The Guardian and MPs’ Expenses: Loving the Crowd

guardian crowd1

I’ve been doing my bit for transparency and democracy in the last day or so, using the Guardian’s crowdsourcing tool to scour the thousands of documents related to MP expenses.

I’ve reviewed just over 300 pages. It’s taken me a fair few hours. Here are a few reflections.

  • Great swathes of documents are tedious and I’m more keenly appreciative of what the Telegraph achieved when they reviewed the documents. Regarding the expenses themselves, there’s a lot of stationery. Outrageous amounts of stationery.
  • There’s a lot of blacking out, but for the most part, the nature and amount of the documents is clear. Only a few are totally meaningless with some of the information redacted.
  • Claiming for food (often up to £400 monthly max permitted) without receipts isn’t rare and an extraordinary perk. But more seriously, monthly claims for £250 petty cash without paperwork seem commonplace. For perspective, Jobseeker’s Allowance is £64.30 a week.
  • I found a few fun claims: £860 sofabed, £200 deckchairs and for reasons unknown an XL hi -vis jacket for a tenner. Safety first.

On a more geeky bent, and whilst totally supporting the Guardian’s brilliant initiative, the tool needs some tweaking. Of course, it’s been launched with remarkable speed but things like choosing the date are terribly cumbersome. Also, with such a volume of documents, I would appreciate a quicker way of flagging the numerous boring and uninteresting pages. Classifying a document adequately as a claim form coversheet of no interest takes 3 clicks. That’s two too many.
I agree with much of what That Canadian Girl and Paul Bradshaw have written but this is only day two and we’re something like 10% through the task in hand. The gauges showing how many, and what percentage, of documents have been reviewed in total and by MP are fun.  It’s a very engaging way of visualising progress and certainly spurred me on to complete certain sets of documents.

But if I’m going to do 300 more documents I need a bit of loving. I’d welcome a chance to communicate with other reviewers to share best practice (that could be a forum or a wiki) because I have passed over a fair few documents because I don’t really know what to do with them. There’s perhaps also scope for a tool to flag tricky pages to others for peer review.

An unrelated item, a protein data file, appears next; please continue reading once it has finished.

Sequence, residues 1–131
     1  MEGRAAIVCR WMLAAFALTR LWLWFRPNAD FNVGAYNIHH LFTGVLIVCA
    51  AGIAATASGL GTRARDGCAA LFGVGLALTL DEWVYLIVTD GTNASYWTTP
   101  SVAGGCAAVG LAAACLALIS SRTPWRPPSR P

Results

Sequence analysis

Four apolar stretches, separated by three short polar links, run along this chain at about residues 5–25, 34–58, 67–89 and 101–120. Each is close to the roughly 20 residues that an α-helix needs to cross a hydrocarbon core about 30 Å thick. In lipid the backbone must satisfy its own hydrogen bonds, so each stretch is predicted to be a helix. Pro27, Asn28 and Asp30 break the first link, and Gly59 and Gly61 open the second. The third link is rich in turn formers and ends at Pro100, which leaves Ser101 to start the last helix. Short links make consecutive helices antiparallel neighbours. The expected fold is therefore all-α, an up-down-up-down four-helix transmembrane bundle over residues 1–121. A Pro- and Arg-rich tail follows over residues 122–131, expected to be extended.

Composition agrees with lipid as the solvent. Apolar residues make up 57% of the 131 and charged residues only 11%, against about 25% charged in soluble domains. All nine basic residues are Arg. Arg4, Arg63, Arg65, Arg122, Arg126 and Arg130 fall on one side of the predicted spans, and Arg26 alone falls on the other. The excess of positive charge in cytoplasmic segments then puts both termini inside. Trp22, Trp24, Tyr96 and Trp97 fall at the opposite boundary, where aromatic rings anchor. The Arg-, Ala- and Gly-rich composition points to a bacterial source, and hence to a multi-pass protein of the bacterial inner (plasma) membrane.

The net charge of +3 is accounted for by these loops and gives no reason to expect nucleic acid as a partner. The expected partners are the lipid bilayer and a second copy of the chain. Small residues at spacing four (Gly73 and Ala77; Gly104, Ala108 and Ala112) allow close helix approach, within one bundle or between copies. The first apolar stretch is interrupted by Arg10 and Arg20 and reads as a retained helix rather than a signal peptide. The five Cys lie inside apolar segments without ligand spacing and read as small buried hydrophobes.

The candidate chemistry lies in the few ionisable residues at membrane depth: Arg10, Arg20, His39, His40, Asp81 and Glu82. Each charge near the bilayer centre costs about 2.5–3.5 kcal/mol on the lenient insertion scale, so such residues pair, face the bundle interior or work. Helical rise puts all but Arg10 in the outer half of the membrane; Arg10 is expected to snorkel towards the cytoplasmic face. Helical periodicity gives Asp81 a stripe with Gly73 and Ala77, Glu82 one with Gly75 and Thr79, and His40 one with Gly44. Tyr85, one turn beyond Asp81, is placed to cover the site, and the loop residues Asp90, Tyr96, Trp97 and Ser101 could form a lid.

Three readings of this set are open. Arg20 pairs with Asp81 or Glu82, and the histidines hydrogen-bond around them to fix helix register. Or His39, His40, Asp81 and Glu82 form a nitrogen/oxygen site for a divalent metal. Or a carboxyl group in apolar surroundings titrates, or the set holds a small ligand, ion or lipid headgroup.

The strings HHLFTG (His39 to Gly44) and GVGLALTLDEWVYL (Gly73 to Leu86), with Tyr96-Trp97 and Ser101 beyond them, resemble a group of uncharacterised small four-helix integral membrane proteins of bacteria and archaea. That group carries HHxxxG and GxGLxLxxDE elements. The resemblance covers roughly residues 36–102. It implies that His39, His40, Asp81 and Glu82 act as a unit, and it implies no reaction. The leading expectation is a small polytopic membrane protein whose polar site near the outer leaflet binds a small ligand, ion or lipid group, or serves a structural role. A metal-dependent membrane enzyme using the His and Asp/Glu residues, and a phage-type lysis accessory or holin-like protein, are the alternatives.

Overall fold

Also, let’s see some sort of league table of reviewers. Let’s unleash the competitive streak: I am desperate to know whether I’m a low-level reviewer or a whizz. It would be nice too if the Guardian could keep us reviewers up to date with an email letting us know how it’s going. I don’t have a meaningful sense of what the Guardian is going to do with the info and if I had a better notion I might be more active.

Day one of this crowdsourcing experiment was getting it started and keeping the wheels on and this morning thousands of more documents have been made available. But even with many hands making light work, this is going to take some time and I look forward to the Guardian honing and improving the way they’re engaging, recognising and communicating with the crowd who is making this all possible.

4 thoughts on “The Guardian and MPs’ Expenses: Loving the Crowd”

  1. Thanks for the excellent feedback – I couldn’t agree more on the date entry issue, I had a bunch of improvements I wanted to add to that but then we went live, the database started straining and I spent the 24 hours simply ensuring it would scale (we’re pretty confident with it now). First thing on Monday I’m going to start addressing the many usability issues with the current site.

    We deliberately decided not to include a high score table at the start because we were worried it would encourage people to spam the database with inaccurate votes, but with hindsight I don’t think we needed to be so worried about this. I have “reward the participants more” as a very high priority right now – there might be a score table, but I think I’ve got something better lined up… 🙂


    Interesting piece looking at the Guardian’s crowdsourcing on MPs expenses a few days in.

    I’m fascinated that so many people in the industry are so full of praise (which I agree with) but in terms of community engagement it’s been a bit of a flop for me. I think it looks a bit different after 400 pages reviewed.

    I’ve totally given up because I can’t see any fruits of my labour. The written pieces about what’s been found have been pretty thin and unamusing and it’s slid from the prime spot on the Guardian homepage. My interest has waned, as indeed has the Guardian’s it would seem.

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